By Harold Hughes
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During the 2017-2018 season, the planner will offer itineraries for college football away games or neutral-site games played in major cities and right now, we are focusing on several early-season games we feel will be great match-ups.
Week 1: BYU vs LSU, 9:30 p.m. Eastern, Saturday, September 2, at NRG Stadium in Houston
Overview: This year’s AdvoCare Texas Kickoff game is shaping up to be a David vs. Goliath affair; fortunately for Brigham Young University, the Cougars’ faithful and players alike should all be keenly aware of who wound up winning that Biblically lopsided faceoff. The youthful Texas Kickoff series began in 2013, and – not that LSU needs any additional advantages – the Tigers will be making their second appearance in the series. The first time, in 2014, LSU defeated No. 14-ranked Wisconsin, 28-24. LSU represents the powerful Southeastern Conference, while the Cougars became a Division I independent in 2011, after – most-recently – playing a year in the Mountain West Conference. While it might rob BYU of some credibility, playing as an independent does give the program the opportunity to play a diverse schedule, and in recent years BYU has challenged opponents including Ole Miss, Texas, Georgia Tech and Notre Dame, notching at least one win against each of those opponents except Notre Dame.
How they stack up: LSU comes in at No. 13 in the Associated Press’s pre-season top 25, while BYU didn’t make the list. Frankly, Brigham Young didn’t make any Division I top-25 list we could find; however, CBS Sports 128 ranks the 2017 Cougars at No. 44 in its preseason top 50. That about matches ESPN’s optimism for BYU’s chances in this season-opening game: According to the sports network’s Matchup Predictor, LSU has a 90.4 percent chance of winning the game.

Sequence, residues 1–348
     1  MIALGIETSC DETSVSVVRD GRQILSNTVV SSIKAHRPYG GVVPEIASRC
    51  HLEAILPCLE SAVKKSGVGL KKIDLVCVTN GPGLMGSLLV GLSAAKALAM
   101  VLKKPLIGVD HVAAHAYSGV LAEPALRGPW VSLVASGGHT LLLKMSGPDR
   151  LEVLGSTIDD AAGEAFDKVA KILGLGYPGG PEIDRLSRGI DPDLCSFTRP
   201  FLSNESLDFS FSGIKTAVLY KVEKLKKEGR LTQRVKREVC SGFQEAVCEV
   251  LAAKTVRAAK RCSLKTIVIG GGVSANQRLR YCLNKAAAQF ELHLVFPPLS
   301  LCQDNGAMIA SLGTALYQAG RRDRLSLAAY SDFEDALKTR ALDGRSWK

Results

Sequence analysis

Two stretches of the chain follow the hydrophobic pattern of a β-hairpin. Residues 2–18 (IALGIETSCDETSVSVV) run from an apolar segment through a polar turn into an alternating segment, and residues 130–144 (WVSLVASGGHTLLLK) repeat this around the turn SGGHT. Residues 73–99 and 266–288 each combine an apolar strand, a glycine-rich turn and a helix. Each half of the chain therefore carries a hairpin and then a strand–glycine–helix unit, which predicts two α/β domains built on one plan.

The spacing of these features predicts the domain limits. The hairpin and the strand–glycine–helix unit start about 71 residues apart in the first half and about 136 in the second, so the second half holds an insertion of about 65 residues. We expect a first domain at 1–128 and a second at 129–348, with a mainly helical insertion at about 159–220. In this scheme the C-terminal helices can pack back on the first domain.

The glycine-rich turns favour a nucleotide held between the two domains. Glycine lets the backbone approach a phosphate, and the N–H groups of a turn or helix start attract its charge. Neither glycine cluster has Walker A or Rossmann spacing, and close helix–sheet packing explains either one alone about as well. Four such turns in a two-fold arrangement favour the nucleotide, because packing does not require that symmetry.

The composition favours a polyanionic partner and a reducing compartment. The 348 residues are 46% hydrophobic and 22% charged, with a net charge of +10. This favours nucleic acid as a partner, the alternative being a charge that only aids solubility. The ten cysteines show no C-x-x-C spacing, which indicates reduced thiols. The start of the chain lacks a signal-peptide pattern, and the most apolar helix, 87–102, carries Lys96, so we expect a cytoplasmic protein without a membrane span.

Why we love this game: BYU wound up last year’s 8-4 regular season on a tear. The Cougars took the last four games before heading to the Poinsettia Bowl in San Diego, where they continued their winning ways with a 24-21 nationally televised victory over Wyoming. After 11 seasons under standout head coach Bronco Mendenhall, who left to take over the Virginia Cavalier program, the Cougars now are coming into their second full season under head coach Kalani Sitake, who took over in December, 2015 – and the program seems to have found its groove. Sitake played fullback for the Cougars until he graduated in 2000, then signed a free-agent contract with the NFL’s Bengals before an injury forced him to hang up his cleats and pursue a coaching track. Also, as the first Tongan to become a collegiate-football head coach, Sitake could well be the answer to a question on TV’s “Jeopardy.” On the other side of the field, LSU wound up dropping two of its last five games on its way to an 8-4 2016 regular-season finish, which the Tigers capped off with a 29-9 pummeling of the Louisville Cardinals in the Buffalo Wild Wing Citrus Bowl. 2016 was even rockier for the LSU coaching staff than it was for BYU: After 12 years and four games, head coach Les Miles was dumped by LSU in September and replaced by interim head coach Ed Orgeron, who was then promoted to head coach in November. So while LSU is the odds-on favorite, this game could well provide some surprises. After all – David did defeat Goliath.
Fun Fact for BYU: While LSU comes into this game after a summer off, the Cougars will have already had a season-opening tune-up on Aug. 26, against Portland State (3-8 in 2016). It’s even a home game, and marks the first season-opener in Provo since the 2012 season. It’s an early start to accommodate BYU’s rare 13-game regular-season schedule, an exception granted by the NCAA to teams that schedule away games against Hawaii during the regular season.
The Cheering sections: So, can a Cougar take a Tiger in a fair catfight? Feline fans will have a lot to roar about in this game, but that’s hardly unusual on a Saturday in the fall, since the ranks of NCAA mascots are rife with animals. In the feline family alone, you have Jaguars, Lynxes, Leopards, and Catamounts (which is really a big-cat catch-all), in addition to the more familiar Tigers and Cougars. It should also be noted that LSU’s Tigers are actually the “Fighting Tigers,” which might give LSU’s “Mike the Tiger” mascot an advantage over “Cosmo the Cougar.”
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